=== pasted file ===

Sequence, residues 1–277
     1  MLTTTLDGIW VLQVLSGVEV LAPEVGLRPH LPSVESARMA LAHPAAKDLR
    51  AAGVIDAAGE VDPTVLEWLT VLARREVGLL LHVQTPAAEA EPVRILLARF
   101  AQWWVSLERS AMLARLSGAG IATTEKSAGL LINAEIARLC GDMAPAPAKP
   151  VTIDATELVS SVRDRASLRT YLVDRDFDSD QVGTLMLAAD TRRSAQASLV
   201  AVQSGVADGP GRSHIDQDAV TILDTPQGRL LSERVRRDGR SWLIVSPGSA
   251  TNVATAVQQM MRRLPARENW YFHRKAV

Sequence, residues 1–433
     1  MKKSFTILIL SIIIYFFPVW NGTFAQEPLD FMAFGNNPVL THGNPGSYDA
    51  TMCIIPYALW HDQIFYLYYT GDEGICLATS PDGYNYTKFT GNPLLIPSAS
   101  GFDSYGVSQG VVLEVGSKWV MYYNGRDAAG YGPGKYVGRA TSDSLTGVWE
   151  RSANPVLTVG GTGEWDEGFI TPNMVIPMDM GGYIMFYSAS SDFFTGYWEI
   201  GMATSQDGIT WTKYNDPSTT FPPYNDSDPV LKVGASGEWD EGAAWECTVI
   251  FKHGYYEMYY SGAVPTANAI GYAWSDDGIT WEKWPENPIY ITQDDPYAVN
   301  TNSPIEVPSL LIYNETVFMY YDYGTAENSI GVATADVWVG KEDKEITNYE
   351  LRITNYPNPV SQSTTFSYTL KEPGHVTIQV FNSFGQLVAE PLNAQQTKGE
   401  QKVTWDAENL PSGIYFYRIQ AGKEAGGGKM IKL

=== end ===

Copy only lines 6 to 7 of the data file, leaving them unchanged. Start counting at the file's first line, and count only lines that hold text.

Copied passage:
   201  AVQSGVADGP GRSHIDQDAV TILDTPQGRL LSERVRRDGR SWLIVSPGSA
   251  TNVATAVQQM MRRLPARENW YFHRKAV